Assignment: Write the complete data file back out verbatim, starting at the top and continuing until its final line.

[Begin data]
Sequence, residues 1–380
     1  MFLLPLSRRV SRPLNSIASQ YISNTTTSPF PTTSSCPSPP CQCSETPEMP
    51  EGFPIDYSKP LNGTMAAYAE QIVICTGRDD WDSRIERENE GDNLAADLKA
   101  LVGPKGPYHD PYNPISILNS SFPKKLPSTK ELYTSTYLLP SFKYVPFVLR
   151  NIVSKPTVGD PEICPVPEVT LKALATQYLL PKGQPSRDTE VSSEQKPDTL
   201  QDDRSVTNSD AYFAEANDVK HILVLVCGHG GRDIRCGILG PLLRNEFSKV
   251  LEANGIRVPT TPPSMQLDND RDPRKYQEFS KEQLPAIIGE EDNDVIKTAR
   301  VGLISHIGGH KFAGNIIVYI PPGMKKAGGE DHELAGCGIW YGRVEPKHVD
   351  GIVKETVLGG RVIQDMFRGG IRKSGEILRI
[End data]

Sequence, residues 1–380
     1  MFLLPLSRRV SRPLNSIASQ YISNTTTSPF PTTSSCPSPP CQCSETPEMP
    51  EGFPIDYSKP LNGTMAAYAE QIVICTGRDD WDSRIERENE GDNLAADLKA
   101  LVGPKGPYHD PYNPISILNS SFPKKLPSTK ELYTSTYLLP SFKYVPFVLR
   151  NIVSKPTVGD PEICPVPEVT LKALATQYLL PKGQPSRDTE VSSEQKPDTL
   201  QDDRSVTNSD AYFAEANDVK HILVLVCGHG GRDIRCGILG PLLRNEFSKV
   251  LEANGIRVPT TPPSMQLDND RDPRKYQEFS KEQLPAIIGE EDNDVIKTAR
   301  VGLISHIGGH KFAGNIIVYI PPGMKKAGGE DHELAGCGIW YGRVEPKHVD
   351  GIVKETVLGG RVIQDMFRGG IRKSGEILRI